I woke up very late this morning, after dreams that left me longing for something I couldn’t define. With no concrete plans, I worked on my novel for four hours straight, feeling mixed about the results. It’s a departure for me: an adult novel that takes place in two time periods. I really want it to be one thing, but it keeps pushing back at me and turning into something else.
I decided I had to get out of my apartment and break the restless tension that oppressed me. It’s a picture perfect fall day here in Brooklyn. No excuse for staying indoors. So I got myself together and packed up some books to return to the library, then set out for the walk down Eastern Parkway to Grand Army Plaza.
I started out striding with great purpose, eager to shed the heavy books I thought I needed but hadn’t even opened. Eastern Parkway seemed awfully quiet and subdued for a gorgeous fall Sunday, but I didn’t think too much of it. Until I reached the library—about a mile and a half walk—and discovered it was closed. It’s Columbus Day weekend.
I hadn’t the vaguest idea it was a national holiday, and that realization caught me up short. How much have I been hiding, keeping to myself? I forced my books into the almost-full book drop, then, suddenly bereft of purpose, set off back the way I came.
I decided, since I didn’t have my dog Betty with me, that I would take a slight detour and wander through the Brooklyn Botanic Garden on my way back home. I’m a member, so it’s something I could do any time. But I haven’t been for several weeks. Perhaps even since the middle of the summer. I prefer to go there with a friend, someone to share the lovely surroundings with. But I made an exception.
As soon as I entered and started the walk down the path beneath the arched wisteria arbors, my pace slowed. I could still hear the traffic going by on Eastern Parkway, but the atmosphere that settled over me once inside the gates had the extraordinary effect of taking me out of the moment, making me see things not as I imagined them, but as the designers of that garden wanted me to see them. I noticed, perhaps consciously for only the first time among all the times I have visited it, how purposeful the garden is.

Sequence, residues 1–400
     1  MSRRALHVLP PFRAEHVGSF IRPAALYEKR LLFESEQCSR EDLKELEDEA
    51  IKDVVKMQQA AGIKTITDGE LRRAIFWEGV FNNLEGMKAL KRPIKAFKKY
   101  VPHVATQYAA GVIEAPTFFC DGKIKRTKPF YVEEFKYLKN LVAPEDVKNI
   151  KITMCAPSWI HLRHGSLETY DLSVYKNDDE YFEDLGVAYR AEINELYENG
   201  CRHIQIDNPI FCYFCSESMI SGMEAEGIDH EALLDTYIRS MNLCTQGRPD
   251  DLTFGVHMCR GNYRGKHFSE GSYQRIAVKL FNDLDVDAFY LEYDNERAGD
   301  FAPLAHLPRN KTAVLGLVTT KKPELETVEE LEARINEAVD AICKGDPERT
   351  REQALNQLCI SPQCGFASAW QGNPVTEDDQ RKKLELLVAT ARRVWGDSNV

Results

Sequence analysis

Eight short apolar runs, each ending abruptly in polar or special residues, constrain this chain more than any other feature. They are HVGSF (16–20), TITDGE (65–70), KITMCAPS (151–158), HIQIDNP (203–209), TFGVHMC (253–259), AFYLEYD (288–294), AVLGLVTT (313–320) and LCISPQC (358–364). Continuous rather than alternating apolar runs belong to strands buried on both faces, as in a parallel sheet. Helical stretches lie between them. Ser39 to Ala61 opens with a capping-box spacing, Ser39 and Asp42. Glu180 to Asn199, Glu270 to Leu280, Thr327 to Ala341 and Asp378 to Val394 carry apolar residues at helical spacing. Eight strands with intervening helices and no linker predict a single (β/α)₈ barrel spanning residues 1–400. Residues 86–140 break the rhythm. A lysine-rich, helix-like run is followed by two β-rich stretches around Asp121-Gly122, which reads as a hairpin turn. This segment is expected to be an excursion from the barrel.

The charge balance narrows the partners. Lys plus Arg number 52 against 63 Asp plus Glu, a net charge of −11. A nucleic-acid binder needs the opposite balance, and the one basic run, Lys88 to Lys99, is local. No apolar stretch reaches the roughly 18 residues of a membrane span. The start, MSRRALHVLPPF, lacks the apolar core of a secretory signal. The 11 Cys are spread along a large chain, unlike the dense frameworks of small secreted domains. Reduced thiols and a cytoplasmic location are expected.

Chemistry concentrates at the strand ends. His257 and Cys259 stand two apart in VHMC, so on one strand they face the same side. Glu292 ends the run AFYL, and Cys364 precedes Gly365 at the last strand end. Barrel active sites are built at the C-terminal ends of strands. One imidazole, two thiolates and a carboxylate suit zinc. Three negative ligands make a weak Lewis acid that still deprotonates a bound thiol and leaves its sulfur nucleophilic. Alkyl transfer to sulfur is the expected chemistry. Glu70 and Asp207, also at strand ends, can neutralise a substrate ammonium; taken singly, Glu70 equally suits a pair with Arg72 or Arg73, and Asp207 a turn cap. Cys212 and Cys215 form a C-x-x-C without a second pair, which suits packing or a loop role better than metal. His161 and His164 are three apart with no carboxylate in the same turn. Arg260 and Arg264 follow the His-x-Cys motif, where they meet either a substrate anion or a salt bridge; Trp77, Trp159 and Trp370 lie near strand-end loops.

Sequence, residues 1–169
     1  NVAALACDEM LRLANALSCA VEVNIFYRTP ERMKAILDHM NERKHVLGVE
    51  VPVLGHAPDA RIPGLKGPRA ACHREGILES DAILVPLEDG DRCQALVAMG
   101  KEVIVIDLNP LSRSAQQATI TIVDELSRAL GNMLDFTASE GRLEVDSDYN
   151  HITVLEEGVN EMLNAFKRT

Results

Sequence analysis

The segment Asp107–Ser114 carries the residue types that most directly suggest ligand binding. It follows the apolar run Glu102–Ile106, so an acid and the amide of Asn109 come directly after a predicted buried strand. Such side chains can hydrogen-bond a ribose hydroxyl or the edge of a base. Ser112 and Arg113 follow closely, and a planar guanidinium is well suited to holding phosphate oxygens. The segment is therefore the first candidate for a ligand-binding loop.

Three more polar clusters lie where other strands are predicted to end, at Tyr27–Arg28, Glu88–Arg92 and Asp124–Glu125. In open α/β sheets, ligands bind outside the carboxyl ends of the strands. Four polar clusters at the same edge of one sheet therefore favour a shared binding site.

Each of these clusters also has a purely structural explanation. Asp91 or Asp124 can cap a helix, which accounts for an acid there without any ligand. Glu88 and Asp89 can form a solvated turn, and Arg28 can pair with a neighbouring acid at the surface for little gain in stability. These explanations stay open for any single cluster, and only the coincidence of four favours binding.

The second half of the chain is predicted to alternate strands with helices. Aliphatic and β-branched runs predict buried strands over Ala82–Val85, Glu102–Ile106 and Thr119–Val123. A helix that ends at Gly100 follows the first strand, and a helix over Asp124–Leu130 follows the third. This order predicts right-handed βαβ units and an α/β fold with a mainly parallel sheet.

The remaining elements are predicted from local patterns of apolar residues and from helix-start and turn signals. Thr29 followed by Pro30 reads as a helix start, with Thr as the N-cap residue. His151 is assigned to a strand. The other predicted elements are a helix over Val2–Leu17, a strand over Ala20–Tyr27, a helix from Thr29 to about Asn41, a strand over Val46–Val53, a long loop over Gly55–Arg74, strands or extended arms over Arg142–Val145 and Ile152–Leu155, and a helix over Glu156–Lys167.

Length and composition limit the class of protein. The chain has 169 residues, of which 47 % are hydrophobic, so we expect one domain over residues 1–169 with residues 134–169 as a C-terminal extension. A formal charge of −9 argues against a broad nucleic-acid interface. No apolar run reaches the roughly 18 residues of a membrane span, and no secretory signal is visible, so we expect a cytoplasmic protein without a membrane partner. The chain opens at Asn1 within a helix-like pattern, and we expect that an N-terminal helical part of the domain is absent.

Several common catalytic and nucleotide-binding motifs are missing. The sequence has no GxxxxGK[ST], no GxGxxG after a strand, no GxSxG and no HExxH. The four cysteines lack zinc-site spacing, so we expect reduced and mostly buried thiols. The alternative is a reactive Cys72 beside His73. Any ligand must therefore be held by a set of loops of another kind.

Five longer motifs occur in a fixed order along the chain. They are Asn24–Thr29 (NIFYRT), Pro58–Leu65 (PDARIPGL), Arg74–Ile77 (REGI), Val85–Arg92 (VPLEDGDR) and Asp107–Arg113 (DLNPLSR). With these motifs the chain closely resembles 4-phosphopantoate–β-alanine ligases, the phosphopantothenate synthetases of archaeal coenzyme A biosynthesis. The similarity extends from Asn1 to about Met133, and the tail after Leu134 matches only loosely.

I took the upper path that gives a view over the rose garden and the cherry esplanade. The long, golden rays of sunlight cast a melancholy glow over the scene. Not the riotous colors of fall yet, down here so close to the ocean, but still a spattering of flowers clinging to their stems. There were only a few clumps of people in view, well spread out and walking reverently among the beds, or sitting on the benches, quietly talking, contemplating.
It struck me that each of us was reading the garden in our own way. Our eyes were directed to take in only so much at a time, depending on where we were. But we each brought to it our own understanding and history, our own frame of reference.
Mine is both complicated and very simple when it comes to that place, one of my favorites in the entire world. I first visited the Brooklyn Botanic Garden with my daughters, when they were only five and eight years old. I have since visited many times at very different stages of my life, at every season of the year.
And there it was. All of those days caught up in a bundle and presented to me, a gift. I was almost overwhelmed with a sudden, poignant openness, something painful and sweet at the same time. The saddest thing of all was remembering the most recent spring, watching the flowers poke up and overspread the landscape with such a riot of hope for the future, and realizing that soon it would be winter again.
Already, the flowers have mostly faded. Only the roses are brave enough to keep pushing out blossoms as the nights get colder and colder. It hit me with the force of a gut punch to realize that this time of year is just like me. I’ve left the fruitful seasons behind and am trying to come to terms with a golden autumn. It has moments of unparalleled beauty, but the winter is in view.
I wandered very slowly around the familiar paths. I ambled, really. Time stopped for me, and I respected that gesture with my pace.
My feet took me to the lily pond, then back toward the Japanese garden. That garden within the garden is the most purposeful of all spaces. Every vista carefully controlled to reveal something about nature, or at least, about a garden. Like a mystery, or a plot twist, that doesn’t come clear until you get to a certain place.
The viewing pagoda that juts out over the water is always a little crowded. On the nicest days, it’s a bit of a circus, really, with excited children and people jostling to get the seats by the railing. But in keeping with the day’s energy, I noticed the benches were lined with people just like me. Individuals, gazing out over the water, looking rather sad.
It was so beautiful I didn’t want to leave, but I knew I had to. The next time I go it will all look different again.
As soon as I walked out of the gate and crossed the road, I was back in the present time. Things I hadn’t wanted to remember, or at least pushed down beneath the surface, imposed themselves upon me. My aging father. Little Morgan, only five years old, with signs of cancer on her liver. Afghanistan. Religious intolerance. My own fear of failure.
Everything brief, yet eternal. And so we write, or paint, or grow a garden.